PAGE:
Breaking News: Extended breastfeeding gives you super awesome hair*

*Or, that should really read, gives ME super awesome hair 🙂

I’m experiencing something of a hair sensation at the moment which, funnily enough, I’m fairly sure I can link directly back to my breastfeeding journey. Here’s how it goes…

I enjoyed a thick, healthy mane of hair throughout my pregnancy. What a bitch, you’re probably thinking, but it was a good thing for everyone because I’m not great on the old hairstyling – no matter how good my intentions are – so I’m pretty sure it was a relief to everyone that I was sporting shiny locks. It toned down their unkemptness.

I never experienced the great shed of post partum hair loss with the exception of a few hair balls that I mistook for hair loss but actually turned out to be the result of a severe lack of brushing. My hairdresser mentioned it a few times and put it down to the fact that I was still breastfeeding so my lovely fuzzy hormones were still up. I got to keep all that extra volume.

This is me (this is not me)
This is me (this is not me)

Not long after I stopped, when Pip was just over 14 months old, I began to notice what I’d always referred to as “spring hair” – where little tufts of soft and completely unmanageable hair spring up around your forehead and temples, all new and naive. This didn’t really bother me except when I tied my hair back in a ponytail and all the little hufties would be sticking straight up like I’d had a little electric shock and just wouldn’t sit back down.

But those little tufts have been growing away for a couple of months and now just in the last few weeks, they’ve grown to a length all around the crown of my head in such a way that I have instant volume with absolutely zero effort on part. It’s like I’ve been back combing like billy-o with a lovely even lift all around. So now I have extra thickness in all the right places with no work required from me. This is just perfect because it’s the exact amount of work I like to put into my hair.

Like I just stepped out of a salon. Score.

Please note, there is no scientific basis to my headline claim at all, at all. It is pure conjecture on my part. Awesome conjecture though.

How to take the sting out of taxing maternity benefit for Irish working mothers

When the Irish Parenting Bloggers Group organised a blog march last October to object to Government cuts to children’s allowance, I brought a controversial proposal to the table. Instead of cutting a universal payment to all children which would affect every family, I suggested that a tax on maternity benefit would generate some of the savings that needed to made and would create an equity amongst working mothers on maternity leave, where some women had previously been benefiting from a tax anomly. Everyone would keep their children’s allowance and no one would earn more on maternity leave than when they were at work.  You can read the original post here.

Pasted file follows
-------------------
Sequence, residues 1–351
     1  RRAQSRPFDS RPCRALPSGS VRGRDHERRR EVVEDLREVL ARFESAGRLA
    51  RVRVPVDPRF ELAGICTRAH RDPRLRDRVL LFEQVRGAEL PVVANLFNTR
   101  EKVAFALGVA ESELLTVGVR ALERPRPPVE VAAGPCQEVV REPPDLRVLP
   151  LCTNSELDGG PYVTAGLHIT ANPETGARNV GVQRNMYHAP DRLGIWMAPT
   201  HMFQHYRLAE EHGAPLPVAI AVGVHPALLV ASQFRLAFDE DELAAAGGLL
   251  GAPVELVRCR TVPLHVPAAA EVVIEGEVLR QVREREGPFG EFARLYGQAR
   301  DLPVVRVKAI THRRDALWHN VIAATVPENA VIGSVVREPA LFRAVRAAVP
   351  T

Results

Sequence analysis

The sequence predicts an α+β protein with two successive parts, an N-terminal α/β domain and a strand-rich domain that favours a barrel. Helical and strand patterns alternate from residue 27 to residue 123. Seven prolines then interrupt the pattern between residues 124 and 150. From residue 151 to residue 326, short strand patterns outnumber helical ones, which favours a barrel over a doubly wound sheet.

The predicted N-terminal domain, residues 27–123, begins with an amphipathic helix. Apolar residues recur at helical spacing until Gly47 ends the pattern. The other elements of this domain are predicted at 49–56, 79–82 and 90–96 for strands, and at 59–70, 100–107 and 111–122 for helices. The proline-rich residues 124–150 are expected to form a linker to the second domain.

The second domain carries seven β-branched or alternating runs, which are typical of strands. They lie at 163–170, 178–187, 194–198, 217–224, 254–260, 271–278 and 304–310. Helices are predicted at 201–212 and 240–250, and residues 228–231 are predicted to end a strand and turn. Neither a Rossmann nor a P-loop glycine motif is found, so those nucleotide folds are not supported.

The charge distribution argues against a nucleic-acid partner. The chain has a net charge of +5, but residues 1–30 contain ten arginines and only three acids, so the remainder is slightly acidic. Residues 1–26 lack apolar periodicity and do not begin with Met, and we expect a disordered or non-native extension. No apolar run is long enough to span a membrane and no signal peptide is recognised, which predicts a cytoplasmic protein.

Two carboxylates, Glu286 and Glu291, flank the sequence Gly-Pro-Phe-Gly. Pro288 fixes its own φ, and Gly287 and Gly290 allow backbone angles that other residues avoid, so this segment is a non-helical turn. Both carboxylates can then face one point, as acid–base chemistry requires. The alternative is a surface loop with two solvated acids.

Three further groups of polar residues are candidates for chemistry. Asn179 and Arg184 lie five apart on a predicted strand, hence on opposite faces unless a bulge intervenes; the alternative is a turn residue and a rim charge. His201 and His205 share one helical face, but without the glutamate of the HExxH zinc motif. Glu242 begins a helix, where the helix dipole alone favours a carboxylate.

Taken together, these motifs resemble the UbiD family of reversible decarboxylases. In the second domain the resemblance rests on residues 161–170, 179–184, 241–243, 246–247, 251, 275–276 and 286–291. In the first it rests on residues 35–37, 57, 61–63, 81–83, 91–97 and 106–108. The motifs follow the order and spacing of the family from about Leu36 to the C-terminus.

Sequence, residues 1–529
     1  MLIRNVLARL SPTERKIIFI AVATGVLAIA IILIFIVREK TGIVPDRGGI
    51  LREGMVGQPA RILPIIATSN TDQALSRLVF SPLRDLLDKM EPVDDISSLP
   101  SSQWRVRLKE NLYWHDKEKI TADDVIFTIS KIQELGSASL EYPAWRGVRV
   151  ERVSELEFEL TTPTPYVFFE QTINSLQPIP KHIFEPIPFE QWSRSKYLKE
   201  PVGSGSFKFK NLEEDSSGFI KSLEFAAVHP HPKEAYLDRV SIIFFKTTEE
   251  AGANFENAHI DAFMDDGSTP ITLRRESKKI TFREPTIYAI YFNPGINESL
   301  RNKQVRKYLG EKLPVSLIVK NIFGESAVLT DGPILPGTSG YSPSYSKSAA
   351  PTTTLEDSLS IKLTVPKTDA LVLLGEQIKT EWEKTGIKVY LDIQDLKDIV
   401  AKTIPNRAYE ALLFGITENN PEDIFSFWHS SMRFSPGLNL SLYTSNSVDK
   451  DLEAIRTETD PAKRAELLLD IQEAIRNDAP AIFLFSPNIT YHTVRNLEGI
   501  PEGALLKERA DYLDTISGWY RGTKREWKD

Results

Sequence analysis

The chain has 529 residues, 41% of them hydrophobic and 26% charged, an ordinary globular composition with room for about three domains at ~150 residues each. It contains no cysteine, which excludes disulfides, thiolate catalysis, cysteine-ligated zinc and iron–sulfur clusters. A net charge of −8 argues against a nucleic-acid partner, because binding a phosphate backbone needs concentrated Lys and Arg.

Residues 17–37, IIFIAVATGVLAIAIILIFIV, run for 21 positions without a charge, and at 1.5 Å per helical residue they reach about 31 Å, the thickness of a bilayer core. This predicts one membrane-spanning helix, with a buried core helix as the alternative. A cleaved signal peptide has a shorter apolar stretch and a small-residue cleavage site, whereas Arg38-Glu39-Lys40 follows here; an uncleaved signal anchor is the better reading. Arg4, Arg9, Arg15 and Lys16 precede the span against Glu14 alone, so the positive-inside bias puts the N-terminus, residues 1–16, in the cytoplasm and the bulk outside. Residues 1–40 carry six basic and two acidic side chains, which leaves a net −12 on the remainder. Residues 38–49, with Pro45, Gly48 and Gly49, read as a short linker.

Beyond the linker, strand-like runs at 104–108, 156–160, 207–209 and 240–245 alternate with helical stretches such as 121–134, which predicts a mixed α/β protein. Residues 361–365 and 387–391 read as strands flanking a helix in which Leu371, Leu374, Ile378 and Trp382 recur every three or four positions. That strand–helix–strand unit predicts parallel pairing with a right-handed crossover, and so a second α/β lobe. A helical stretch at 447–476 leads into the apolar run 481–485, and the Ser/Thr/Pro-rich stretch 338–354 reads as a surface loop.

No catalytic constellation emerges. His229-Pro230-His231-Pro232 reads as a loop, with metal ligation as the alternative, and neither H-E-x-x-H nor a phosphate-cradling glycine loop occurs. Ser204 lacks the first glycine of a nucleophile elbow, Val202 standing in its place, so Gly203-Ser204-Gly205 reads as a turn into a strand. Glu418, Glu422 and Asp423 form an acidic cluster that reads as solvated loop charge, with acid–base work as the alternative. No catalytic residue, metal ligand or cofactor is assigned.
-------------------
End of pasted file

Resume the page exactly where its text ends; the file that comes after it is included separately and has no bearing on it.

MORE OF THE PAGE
Children’s allowance got cut anyway.

I like to think that maybe one of the powers-that-be must have been reading this blog because at the same time they announced the children’s allowance cut, they also announced the tax on maternity benefit. From July of this year, maternity benefit will be treated as taxable income and will be deducted at whatever tax rate a recipient is currently on.

There has been a lot of criticism in the media in recent days about the introduction of this tax. I must admit, a small part of me is sorry that the tax has been introduced because if I had another baby it would affect me directly and I would have less money than I had on my last maternity leave and I would have to look at my options in terms of the amount of time I could take off.

But I have to say, I stick resolutely by my proposal to tax maternity benefit. No matter how you twist it, the old system benefited some women but not all. In reality, it was the most vulnerable women who needed it most who didn’t benefit from the tax loophole – the low wage earning mothers and the stay at home mothers, who don’t even have maternity benefit in the first place. It’s the same principle that applies to Ireland’s children: they are all equal and deserve the same children’s allowance.  All mothers should be equal.

photo credit: Dominik Meissner www.Orime.de via photopin cc How to take the sting out of taxing maternity benefit for Irish working mothers Mind the Baby Blog www.mindthebaby.ie
photo credit: Dominik Meissner www.Orime.de via photopin cc

Climbing down off my high horse, the consequences of taxing maternity benefit do have a dark side with very real, negative societal impacts. The truth is women who benefited from the tax break used to use it to finance their unpaid leave so that they could stay at home with their babies for as long as possible.

Of course they did.

Many of us do everything in our power to stay at home with our children at this precious time in their lives.

From July, a whole swathe of new mothers will be cutting short their time at home due to financial commitments and it’s very, very sad. Heartbreaking for mothers, for their babies and for society who thinks children are better off in paid childcare than being nurtured by their parents.